The need to widen the appeal of the already-successful DB2 resulted in the launch of the 2+2 DB2/4 in October 1953. Modifications to the rear of the chassis plus a reduction in fuel tank capacity from 19 to 17 gallons liberated sufficient space within the existing design for two child-sized occasional rear seats. Alternatively, the rear seat backs could be folded down, thus creating a load-carrying platform that more than doubled the luggage space, the latter being accessed via a hatchback rear door – one of this now-common feature’s earliest applications. In addition, a raised roofline, one-piece windscreen, larger bumpers and other detail styling changes differentiated the newcomer from its predecessor.
Technically, the DB2/4 remained much the same as the DB2, employing the latter’s rectangular-tube chassis, trailing arm independent front suspension and well-located live rear axle. The W.O. Bentley-designed, 2.6-liter, six-cylinder, twin-cam power unit came in tuned (125bhp) Vantage specification as standard for the 2/4. Despite this, the redesign’s inevitable weight gain was not fully compensated for until the arrival of the 3.0-liter, DB3S-derived, 140bhp engine in 1954. The car’s top speed was now 118mph, with 60mph reached in around 11 seconds.
The DB2/4 was never intended to be a racing car but did have an impressive competition career, which began early in 1955 when the Aston Martin Works entered three cars in the Monte Carlo Rally. Reg Parnell was partnered by motor racing photographer Louis Klemantaski in one car, Peter Collins and Graham Whitehead shared the second, while the third was crewed by two former Monte winners, Dutchman Maurice Gatsonides ad Frenchman Marcel Becquart. Parnell and Collins put themselves out of the competition by going flat-out from the start and getting penalized for arriving at the checkpoints too early. Parnell was then disqualified before the car got back to Monte Carlo, but Collins was able to continue and won the traditional race around the Monaco GP Circuit. Gatsonides and Becquart led the rally until they passed a secret time-check, and dropped to seventieth place. They were awarded the RAC Trophy for ‘Comfort and Safety’ for their impressive performance.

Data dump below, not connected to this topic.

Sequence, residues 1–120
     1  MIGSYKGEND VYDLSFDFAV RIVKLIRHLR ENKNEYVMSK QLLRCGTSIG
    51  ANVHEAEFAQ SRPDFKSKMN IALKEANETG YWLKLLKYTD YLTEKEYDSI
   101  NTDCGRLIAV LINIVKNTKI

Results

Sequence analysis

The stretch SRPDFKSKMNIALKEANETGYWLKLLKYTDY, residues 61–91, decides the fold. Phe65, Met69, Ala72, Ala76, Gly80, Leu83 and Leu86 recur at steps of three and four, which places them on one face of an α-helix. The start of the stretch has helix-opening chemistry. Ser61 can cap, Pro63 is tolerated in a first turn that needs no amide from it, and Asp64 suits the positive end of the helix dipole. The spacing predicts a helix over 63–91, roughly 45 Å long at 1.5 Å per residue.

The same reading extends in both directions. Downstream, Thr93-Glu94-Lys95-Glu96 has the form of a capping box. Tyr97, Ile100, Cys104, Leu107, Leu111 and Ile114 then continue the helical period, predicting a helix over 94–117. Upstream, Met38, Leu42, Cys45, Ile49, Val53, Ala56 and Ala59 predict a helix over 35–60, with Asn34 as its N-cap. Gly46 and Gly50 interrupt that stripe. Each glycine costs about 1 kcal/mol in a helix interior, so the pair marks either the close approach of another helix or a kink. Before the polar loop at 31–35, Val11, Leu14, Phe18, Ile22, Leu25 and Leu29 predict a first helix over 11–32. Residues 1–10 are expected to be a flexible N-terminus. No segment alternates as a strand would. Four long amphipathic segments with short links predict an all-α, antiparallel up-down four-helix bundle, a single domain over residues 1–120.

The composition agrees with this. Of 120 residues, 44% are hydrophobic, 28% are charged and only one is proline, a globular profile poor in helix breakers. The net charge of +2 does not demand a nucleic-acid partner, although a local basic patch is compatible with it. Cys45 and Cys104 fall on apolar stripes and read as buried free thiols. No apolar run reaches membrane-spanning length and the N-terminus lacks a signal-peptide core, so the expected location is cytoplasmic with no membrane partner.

DB2/4 production had amounted to 565 cars by the time of the MkII’s introduction in October 1955, only some 73 of which were Drophead Coupes. Today, these smart-looking, hand-built Aston Martins are high on collector’s lists worldwide, prized for their enviable blend of elegance, performance and usability.
THE MOTORCAR OFFERED
First shown to the public at the 1953 Earls Court Motor Show, the DB2/4 succeeded the two seat only DB2 and is widely thought to be the fist ever production car with Hatchback access to the rear.
Retaining the W O Bentley designed 2.6 litre twin cam 6-cylinder engine, the DB2/4 satisfied the demand for 2+2 seating, whilst retaining the performance of the race bred DB2.
Over the 2 years of production, just 565 examples were built. Delivered when new via Aston Martin agents Brooklands of Bond Street in 1954. Mulliner bodied and finished in Blue Haze with mid Blue hides and contrasting piping chassis LML/631 was first registered KMR 567 in 1954, this number being retained on the car to today.
A succession of recorded keepers follows, before single ownership between 1973 – 1993. After some 20 years of ownership, the car was resold in 1994 requiring restoration. Commencing some 15 years later, the body off and total restoration was been completed in 2014 to concours standard by professional restorers, leaving no aspect of the car untouched. A comprehensive photographic record, with detailed statements of the restoration, clearly shows the extent and detail of the restoration works completed.
Subsequently used only occasionally, for show and display purposes the car is in particularly outstanding condition. Resplendent in its original colours, with matching number engine and original registration, KMR 567 is undoubtedly one of the finest examples of the DB2/4 we have seen and is ready to be enjoyed or grace any of the finest collections.